Here she shares some ideas about the casting for a film adaptation of the new novel:
The Rhythm of the Road is the story of Josephine, an English truck driver’s daughter, who spends her childhood in her father’s truck. Together with her Irish father, the sweetly depressive Bobby Pickering, Josephine lives out an ersatz version of the American dream, obsessively listening to country music while traveling the English motorways. Josephine and Bobby can’t believe their luck when Cosima Stewart, a beautiful country singer from Texas, hitches a lift with them. As Cosima’s career begins to rise, they become her biggest fans. This is harmless enough until Bobby, already a tormented and fragile soul, disappears on an overnight ferry to Dublin. Josephine, now a teenager and in denial about her father’s disappearance, manically pursues Cosima, conjuring a friendship that does not exist and even following her to California.Read an excerpt from The Rhythm of the Road and learn more about Albyn Leah Hall's writing at her website.
A road novel and psychological thriller based on two continents, Rhythm should be a delight to cast. The easiest role to fill would be Cosima herself, though it would be helpful if the actress could sing. Charlize Theron would be excellent, as would Reese Witherspoon. Rick, her arrogant, rock-star boyfriend who deflowers the young Josephine could be played by any number of young actors: Jude Law, and Matthew Macfadyen, and Jake Gyllenhaal are all contenders. The casting of Bobby, whose descent into mental illness is pivotal to the storyline, is trickier. My first choice would be Heath Ledger, provided he could do a Northern Irish accent. (Ledger also shows a great capacity for aging, as he did in “Brokeback Mountain.”) Another important character, appearing at both the beginning and end of the book, is Rosalie, Josephine’s long-lost mother. This actress needs to be able to play quite a range, from the young, drug-addled Goth from Los Angeles to the Orthodox Jew whom she eventually becomes. (I would also need an actress capable of aging herself, from nineteen to forty.) Thora Birch, Christina Ricci, and Drew Barrymore are all strong possibilities. For Cleat, the gun-toting sociopath whom Josephine meets in Bakersfield, we need an actor willing to be both grotesque and charismatic; Ryan Gosling could be an idea.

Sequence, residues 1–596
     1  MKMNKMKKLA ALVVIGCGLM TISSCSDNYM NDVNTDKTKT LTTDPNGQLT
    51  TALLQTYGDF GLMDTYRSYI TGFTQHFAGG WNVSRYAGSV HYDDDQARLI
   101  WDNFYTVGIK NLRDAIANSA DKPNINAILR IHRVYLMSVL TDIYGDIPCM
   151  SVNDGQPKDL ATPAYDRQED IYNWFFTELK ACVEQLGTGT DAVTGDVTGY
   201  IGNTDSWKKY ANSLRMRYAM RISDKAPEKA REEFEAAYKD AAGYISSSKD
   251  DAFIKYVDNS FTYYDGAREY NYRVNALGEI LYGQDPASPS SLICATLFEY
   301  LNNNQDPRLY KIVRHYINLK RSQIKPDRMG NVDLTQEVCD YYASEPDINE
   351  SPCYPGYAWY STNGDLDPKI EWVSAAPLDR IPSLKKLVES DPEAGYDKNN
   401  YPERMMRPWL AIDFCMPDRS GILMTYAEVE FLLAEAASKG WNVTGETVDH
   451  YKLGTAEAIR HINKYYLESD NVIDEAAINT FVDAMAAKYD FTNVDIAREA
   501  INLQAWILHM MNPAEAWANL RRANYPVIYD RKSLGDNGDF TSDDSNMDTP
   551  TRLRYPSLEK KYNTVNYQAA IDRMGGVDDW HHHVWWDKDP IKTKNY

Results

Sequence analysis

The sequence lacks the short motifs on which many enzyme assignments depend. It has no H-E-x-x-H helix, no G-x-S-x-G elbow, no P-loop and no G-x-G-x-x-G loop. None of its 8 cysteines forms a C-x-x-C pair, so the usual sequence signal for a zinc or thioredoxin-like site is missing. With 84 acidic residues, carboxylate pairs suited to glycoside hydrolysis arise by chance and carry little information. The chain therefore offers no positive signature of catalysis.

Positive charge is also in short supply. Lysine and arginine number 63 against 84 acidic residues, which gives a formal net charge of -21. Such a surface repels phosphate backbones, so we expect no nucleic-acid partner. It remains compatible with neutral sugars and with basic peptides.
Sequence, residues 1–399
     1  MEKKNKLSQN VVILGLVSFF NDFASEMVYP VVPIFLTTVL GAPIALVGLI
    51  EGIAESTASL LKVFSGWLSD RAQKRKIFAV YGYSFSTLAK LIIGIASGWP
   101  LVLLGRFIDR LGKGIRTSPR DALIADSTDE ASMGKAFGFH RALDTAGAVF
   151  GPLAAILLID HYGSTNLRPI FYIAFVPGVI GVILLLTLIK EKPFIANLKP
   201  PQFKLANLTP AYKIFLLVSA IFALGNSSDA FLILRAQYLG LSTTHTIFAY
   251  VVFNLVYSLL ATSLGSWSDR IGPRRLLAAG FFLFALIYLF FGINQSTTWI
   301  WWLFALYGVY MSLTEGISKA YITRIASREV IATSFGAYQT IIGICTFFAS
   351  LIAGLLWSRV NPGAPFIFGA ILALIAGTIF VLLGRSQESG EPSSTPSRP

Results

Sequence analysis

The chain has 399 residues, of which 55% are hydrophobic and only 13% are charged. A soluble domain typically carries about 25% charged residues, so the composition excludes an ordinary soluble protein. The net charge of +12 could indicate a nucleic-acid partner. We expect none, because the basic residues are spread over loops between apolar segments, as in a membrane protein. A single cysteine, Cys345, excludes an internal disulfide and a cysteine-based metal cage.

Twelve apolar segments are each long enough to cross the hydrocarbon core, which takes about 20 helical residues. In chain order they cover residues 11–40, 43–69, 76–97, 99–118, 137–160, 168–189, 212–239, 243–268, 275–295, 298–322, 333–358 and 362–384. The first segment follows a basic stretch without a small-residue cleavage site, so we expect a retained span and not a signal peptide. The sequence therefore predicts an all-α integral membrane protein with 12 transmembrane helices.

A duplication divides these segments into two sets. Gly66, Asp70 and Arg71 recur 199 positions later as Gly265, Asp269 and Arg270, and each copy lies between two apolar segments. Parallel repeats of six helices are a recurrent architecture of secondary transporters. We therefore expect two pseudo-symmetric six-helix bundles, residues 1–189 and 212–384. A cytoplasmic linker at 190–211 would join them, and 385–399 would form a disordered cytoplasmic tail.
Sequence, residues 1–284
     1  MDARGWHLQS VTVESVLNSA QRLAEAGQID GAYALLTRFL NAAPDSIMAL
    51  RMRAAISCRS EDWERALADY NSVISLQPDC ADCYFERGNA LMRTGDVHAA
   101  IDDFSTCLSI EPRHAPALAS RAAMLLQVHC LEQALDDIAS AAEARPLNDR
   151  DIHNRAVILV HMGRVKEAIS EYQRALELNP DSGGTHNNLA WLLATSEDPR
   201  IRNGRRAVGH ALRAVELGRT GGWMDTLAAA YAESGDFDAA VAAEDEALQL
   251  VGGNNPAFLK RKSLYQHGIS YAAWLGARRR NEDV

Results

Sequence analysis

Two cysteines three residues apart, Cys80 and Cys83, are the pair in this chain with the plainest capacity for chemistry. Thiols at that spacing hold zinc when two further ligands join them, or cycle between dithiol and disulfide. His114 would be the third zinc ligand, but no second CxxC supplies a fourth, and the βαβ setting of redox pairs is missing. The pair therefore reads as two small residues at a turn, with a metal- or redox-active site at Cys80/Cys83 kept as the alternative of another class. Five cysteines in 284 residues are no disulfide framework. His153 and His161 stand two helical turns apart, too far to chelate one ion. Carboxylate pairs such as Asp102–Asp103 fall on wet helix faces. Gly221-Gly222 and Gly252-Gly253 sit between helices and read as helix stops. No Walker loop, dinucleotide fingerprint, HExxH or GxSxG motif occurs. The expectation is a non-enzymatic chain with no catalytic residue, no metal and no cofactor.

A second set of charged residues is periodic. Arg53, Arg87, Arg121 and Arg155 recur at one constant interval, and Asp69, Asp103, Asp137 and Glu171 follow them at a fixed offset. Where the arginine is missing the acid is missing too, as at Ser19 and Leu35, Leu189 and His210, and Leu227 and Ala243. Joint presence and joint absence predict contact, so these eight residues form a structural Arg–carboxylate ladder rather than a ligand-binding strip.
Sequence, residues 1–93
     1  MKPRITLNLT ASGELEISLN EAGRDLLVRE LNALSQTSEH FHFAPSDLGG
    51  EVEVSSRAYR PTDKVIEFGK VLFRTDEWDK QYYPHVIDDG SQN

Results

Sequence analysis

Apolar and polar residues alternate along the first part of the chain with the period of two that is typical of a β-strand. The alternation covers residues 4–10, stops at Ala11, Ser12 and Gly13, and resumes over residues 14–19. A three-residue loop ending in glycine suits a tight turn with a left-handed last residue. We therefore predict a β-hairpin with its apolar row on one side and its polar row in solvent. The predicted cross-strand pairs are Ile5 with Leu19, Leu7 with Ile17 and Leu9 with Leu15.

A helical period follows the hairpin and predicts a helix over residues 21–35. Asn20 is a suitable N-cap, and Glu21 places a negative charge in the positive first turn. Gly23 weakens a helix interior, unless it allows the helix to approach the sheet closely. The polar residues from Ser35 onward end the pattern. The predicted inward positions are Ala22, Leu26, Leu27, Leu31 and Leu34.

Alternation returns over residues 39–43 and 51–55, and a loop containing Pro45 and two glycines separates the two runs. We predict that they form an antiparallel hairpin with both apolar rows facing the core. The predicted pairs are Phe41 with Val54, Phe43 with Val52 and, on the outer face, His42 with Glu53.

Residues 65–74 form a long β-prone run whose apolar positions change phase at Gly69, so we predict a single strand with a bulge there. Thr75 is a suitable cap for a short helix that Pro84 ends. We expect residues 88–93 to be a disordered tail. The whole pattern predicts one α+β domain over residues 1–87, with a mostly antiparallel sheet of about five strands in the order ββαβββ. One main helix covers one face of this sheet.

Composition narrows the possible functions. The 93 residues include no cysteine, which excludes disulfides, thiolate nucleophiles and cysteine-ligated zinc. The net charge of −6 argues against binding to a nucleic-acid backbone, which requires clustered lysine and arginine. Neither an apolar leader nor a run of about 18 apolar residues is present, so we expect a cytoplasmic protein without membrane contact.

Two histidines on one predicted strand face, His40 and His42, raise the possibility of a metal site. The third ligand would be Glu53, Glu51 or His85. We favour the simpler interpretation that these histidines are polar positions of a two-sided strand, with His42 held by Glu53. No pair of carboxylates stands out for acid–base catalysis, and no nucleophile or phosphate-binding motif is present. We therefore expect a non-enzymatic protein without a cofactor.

The most difficult person to cast is Josephine herself. As Josephine grows from a sweet daddy’s girl to a promiscuous stalker, this actress needs to encompass a huge emotional range. Given the age range she spans, we may require two or three actresses in any case; I could see Abigail Breslin for the pre-teen Jo, provided she can do an English accent. My ideal scenario would be to cast the rest of the characters by famous actors, leaving the young Jo to be cast by a fabulous unknown.